Wall would proceed to make his free throw to give Kentucky a two point lead, and after a missed basket by UConn, Ramon Harris made one of two free throws to put the Wildcats up 64-61. With just a few seconds left, the Huskies had one last shot; Walker rushed the ball up, and after a quick scramble, passed it to Gavin Edwards who’s three clanged off the side of the rim. Kemba got the rebound, but by the time he got a shot off from the perimeter, the clock had sounded. DeMarcus Cousins caught the miss, and threw the ball up in the air.
Kentucky had won again. Final score, 64-61.
The Wildcats’ had won another thriller, but this one was different. For Kentucky fans, this victory really was everything they’d hoped for when John Calipari had agreed to be their head coach. Their team had just played a big-time opponent, on a big-time stage, and found a way to get a big-time win. It was away from Rupp Arena, so no one could argue that the Wildcats’ had the benefit of a home-court advantage, and it also came on a night where their highly-ranked opponent had played something close to their best game.
Simply put, this was it. This was the win everybody had been waiting for, hoping for… praying for. At this point, there was no true argument against Kentucky; it was impossible to say that they were too young or too immature, talented but a step behind the nation’s best. As it turned out they were the nation’s best; maybe not the absolute best team in college basketball, but they were in the short conversation of true title contenders.
It was a seminal moment for Kentucky basketball, a turning point for the whole program.
“It was the first time in a couple years that I felt like two big teams colliding in a really good match-up, and we came out ahead,” senior guard Mark Krebs said. ”I was like ‘This is why I came to Kentucky!’”
Beyond just the win though, the game was important for this reason: Kentucky was again one of the “it” programs in college basketball. It wasn’t just that they were good, or even a National Championship contender. It was that they were relevant; no real conversation about college basketball could be had without them. As Scott Padgett said when John Calipari was hired, Kentucky had stopped being Kentucky, they had stopped being on the tip of everyone’s tongues. But in just a few short months, Calipari had completely flipped that narrative. On a mid-week night in December when not much else was going on, Kentucky was the story in all of sports. They led Sportscenter. They were what everyone was talking about.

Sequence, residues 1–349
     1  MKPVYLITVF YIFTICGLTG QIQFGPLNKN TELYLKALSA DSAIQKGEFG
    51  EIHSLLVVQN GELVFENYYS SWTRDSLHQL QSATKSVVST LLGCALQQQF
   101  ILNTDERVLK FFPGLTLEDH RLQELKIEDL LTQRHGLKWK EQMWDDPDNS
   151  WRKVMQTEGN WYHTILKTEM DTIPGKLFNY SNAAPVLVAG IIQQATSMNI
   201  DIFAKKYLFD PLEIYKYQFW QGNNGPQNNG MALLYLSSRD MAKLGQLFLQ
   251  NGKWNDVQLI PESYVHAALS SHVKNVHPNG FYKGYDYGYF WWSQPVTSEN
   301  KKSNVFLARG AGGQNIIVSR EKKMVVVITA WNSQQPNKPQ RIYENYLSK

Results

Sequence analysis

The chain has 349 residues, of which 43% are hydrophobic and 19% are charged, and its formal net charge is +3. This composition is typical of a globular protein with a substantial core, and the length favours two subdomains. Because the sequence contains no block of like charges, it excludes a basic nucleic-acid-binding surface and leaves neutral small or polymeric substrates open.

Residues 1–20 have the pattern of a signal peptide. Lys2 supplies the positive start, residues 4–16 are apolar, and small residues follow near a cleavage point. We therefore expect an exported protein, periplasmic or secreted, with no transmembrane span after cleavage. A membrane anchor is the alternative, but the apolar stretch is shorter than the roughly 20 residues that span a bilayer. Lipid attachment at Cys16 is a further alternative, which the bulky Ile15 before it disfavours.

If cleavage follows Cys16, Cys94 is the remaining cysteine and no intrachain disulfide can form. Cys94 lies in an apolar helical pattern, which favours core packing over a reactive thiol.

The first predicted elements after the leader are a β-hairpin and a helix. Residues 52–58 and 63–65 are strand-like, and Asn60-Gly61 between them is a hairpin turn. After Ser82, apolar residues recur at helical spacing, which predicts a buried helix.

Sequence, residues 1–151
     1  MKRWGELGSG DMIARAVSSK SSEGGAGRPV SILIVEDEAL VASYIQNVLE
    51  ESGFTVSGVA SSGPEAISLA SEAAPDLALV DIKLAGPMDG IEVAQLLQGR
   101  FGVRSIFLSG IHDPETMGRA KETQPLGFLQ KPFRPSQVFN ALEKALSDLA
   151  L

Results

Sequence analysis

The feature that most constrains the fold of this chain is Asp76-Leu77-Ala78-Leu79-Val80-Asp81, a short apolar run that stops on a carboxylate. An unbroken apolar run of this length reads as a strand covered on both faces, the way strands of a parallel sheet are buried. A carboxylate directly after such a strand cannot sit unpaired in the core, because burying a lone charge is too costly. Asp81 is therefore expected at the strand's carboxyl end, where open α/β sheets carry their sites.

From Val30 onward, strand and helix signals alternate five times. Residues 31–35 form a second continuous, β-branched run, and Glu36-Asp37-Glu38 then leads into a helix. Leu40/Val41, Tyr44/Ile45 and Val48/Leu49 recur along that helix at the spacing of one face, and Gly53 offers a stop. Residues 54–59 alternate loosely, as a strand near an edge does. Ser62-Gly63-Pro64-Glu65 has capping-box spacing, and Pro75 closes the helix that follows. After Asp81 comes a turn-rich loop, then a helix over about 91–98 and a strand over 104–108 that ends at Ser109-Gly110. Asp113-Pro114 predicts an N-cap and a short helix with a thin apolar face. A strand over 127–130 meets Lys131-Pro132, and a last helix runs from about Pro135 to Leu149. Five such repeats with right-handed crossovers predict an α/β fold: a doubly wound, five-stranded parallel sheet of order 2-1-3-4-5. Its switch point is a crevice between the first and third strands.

The game also provided another turning point in the season too. The UConn game was the game that John Wall became a star; not just a player to be enjoyed by Kentucky fans, but a player that everyone, even casual college basketball fans had an opinion on. Like his team, Wall was the talk of the sport.
And with good reason. Wall had the perfect blend of charisma and talent, not just a star… but a player with star power. Kentucky fans had seen it as early as Big Blue Madness. The rest of the world saw it that night.
“John Wall went off in that game,” Jones said. “There was a big sense of like, ‘Wow, we also have maybe the best player in the country.’”
That’s right, John Wall was indeed a star, and his team was now the talk of college basketball.
It was something new, something enjoyable, something refreshing for Kentucky basketball.
But it quickly became more of a challenge than anyone could’ve anticipated.